Grant Abstract: SAMe, RXRalpha-mediated Pathways and ALD

Grant Number: 5R01AA014147-04
PI Name: Yu-Jui Wan
Project Title: SAMe, RXRalpha-mediated Pathways and ALD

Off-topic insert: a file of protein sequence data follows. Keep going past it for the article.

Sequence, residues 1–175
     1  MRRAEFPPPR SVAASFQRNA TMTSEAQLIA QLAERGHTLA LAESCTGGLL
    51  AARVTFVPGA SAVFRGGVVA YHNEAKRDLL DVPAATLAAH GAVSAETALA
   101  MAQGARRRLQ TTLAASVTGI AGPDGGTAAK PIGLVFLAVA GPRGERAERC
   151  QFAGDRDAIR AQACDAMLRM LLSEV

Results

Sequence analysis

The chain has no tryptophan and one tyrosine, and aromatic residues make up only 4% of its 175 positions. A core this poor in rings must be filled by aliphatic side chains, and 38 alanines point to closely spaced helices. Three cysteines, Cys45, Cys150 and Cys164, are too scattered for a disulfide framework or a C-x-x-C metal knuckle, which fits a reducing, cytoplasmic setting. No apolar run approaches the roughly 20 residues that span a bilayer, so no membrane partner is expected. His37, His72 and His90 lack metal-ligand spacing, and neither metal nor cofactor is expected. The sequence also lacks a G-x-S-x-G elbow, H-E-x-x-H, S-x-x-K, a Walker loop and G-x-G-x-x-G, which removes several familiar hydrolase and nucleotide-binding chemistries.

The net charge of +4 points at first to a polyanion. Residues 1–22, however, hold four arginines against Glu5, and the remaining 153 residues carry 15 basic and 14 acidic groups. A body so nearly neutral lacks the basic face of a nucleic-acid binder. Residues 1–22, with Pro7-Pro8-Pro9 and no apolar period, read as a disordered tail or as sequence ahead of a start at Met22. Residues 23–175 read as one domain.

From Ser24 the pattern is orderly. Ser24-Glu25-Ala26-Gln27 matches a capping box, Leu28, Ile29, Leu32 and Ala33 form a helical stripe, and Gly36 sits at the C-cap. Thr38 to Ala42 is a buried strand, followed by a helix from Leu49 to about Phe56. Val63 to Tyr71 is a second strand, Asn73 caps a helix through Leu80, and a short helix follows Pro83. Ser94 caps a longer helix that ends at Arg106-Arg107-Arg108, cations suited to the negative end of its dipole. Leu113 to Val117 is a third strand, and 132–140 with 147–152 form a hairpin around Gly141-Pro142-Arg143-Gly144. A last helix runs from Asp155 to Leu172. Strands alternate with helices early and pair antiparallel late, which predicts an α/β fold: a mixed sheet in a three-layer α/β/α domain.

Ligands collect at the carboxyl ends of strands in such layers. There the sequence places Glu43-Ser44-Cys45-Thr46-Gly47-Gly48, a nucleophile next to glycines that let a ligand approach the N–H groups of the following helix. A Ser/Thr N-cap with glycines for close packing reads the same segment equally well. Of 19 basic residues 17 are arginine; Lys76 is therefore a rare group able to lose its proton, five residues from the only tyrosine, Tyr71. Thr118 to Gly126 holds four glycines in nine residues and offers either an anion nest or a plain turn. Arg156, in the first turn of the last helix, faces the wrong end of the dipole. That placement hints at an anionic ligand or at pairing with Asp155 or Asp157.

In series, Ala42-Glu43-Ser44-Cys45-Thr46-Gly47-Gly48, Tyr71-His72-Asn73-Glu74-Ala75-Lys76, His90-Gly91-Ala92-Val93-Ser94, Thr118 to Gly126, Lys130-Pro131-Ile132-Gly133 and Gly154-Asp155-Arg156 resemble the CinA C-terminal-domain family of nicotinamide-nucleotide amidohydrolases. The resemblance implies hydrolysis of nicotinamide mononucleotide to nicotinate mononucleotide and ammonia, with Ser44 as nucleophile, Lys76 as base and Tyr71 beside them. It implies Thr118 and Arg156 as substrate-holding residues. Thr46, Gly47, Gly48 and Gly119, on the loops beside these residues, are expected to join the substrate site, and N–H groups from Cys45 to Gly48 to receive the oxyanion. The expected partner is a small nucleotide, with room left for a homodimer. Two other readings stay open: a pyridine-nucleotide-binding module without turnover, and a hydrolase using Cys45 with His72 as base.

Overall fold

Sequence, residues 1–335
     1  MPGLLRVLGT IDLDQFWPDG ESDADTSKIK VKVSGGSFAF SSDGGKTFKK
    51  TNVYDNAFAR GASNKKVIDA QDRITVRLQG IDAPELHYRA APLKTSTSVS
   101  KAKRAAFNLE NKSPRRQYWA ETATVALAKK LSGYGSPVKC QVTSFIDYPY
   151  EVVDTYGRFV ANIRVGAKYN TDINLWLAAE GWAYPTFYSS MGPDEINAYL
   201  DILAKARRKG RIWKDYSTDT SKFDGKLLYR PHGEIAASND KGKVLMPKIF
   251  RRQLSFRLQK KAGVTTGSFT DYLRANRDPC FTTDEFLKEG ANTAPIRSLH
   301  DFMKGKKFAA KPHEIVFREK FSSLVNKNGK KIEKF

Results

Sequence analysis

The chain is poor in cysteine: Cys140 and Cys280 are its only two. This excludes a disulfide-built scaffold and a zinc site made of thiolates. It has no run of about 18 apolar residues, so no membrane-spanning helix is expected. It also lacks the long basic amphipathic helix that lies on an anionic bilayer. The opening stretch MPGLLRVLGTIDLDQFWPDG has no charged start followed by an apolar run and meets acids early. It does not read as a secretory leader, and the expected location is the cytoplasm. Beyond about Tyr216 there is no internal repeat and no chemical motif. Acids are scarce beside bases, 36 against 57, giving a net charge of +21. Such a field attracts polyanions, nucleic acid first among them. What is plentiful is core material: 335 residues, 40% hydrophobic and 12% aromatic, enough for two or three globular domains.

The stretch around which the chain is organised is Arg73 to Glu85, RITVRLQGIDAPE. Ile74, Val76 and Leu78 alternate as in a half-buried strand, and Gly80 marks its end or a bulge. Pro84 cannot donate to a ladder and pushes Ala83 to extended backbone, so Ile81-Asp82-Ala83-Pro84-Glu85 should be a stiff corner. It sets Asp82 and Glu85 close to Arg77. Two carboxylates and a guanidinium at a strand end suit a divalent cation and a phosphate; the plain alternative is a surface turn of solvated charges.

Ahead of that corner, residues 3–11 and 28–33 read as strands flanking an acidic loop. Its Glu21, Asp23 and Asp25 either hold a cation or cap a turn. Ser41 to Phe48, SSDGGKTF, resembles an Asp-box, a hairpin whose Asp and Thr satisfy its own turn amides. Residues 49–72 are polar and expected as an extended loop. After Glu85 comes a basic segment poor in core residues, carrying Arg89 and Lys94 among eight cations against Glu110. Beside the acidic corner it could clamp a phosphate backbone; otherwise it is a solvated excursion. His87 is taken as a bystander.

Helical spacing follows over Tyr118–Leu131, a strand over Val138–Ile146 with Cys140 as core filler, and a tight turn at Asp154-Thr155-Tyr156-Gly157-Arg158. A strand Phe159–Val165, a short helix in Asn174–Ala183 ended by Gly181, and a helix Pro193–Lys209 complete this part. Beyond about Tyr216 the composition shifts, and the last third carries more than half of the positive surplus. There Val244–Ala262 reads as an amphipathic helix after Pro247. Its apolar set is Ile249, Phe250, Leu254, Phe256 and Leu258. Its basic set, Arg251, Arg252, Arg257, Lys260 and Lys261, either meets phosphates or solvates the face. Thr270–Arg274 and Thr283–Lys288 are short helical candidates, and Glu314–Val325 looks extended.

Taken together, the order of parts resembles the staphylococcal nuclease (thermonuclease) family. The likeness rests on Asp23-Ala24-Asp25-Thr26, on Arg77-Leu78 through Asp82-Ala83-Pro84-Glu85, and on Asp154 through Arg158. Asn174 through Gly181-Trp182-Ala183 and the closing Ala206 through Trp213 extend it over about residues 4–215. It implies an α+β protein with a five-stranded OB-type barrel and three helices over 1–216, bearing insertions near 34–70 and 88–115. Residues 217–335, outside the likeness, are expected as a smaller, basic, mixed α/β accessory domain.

Abstract: DESCRIPTION (provided by applicant): The goal of this project is to study the mechanism underlying nuclear receptor retinoid x receptor et (RXR-alpha)-mediated pathways on regulating S-adenosyl-L-methionine (SAMe) homeostasis. The main hypothesis is that RXR-alpha-mediated pathways either directly or indirectly control SAMe synthesis and alter the levels of glutathione and phosphatidylcholine in the liver, which consequently play a crucial role in the development of alcoholic liver disease (ALD). Most of the retinol and alcohol studies rely on either feeding animals with excess amount of retinoids or introducing animals with retinol deficient diet. Feeding animals with retinoids can be toxic. Retinol deficiency can also cause many unwanted effects. Knockout technology avoids these potential problems. Tissue specific knockout further allows studying the function of the gene in a cell type specific manner without affecting the gene function systemically. We have established an animal model in that the RXR-alpha gene is knocked out only in the hepatocyte. RXR-alpha is highly expressed in the liver and is required for almost all the nuclear receptor-mediated pathways. Therefore, hepatocyte RXR-alpha deficient mouse serves as an excellent model for studying retinoid signaling in alcoholic liver disease. When hepatocyte RXR-alpha is deficient, liver retinoic acid is elevated, alcohol elimination rate is increased and alcohol-induced liver damage becomes more severe. In addition, the expression of more than ten genes encoding enzymes involved in the SAMe pathway is altered. Those data indicate that RXR-alpha, SAMe and ALD are intricately interlinked. Two specific aims are proposed to study the direct and indirect effect of RXR-alpha on SAMe homeostasis. First is to examine how RXR-alpha-mediated pathways regulate alcohol metabolism, which may indirectly control SAMe synthesis and affect the development of ALD. Second is to characterize how RXR-alpha-mediated pathways regulate genes encoding enzymes in the SAMe pathway and directly control SAMe homeostasis. RXR-alpha-mediated pathways including PPARcz and 3' and RXR-alpha homodimer and others will be studied. The effect of those nuclear receptor ligands on regulating SAMe synthesis will be analyzed. The proposed study not only allows us to understand how nuclear receptors regulate SAMe homeostasis, it also provides an opportunity to identify potential therapeutical targets and treatment agents for ALD.

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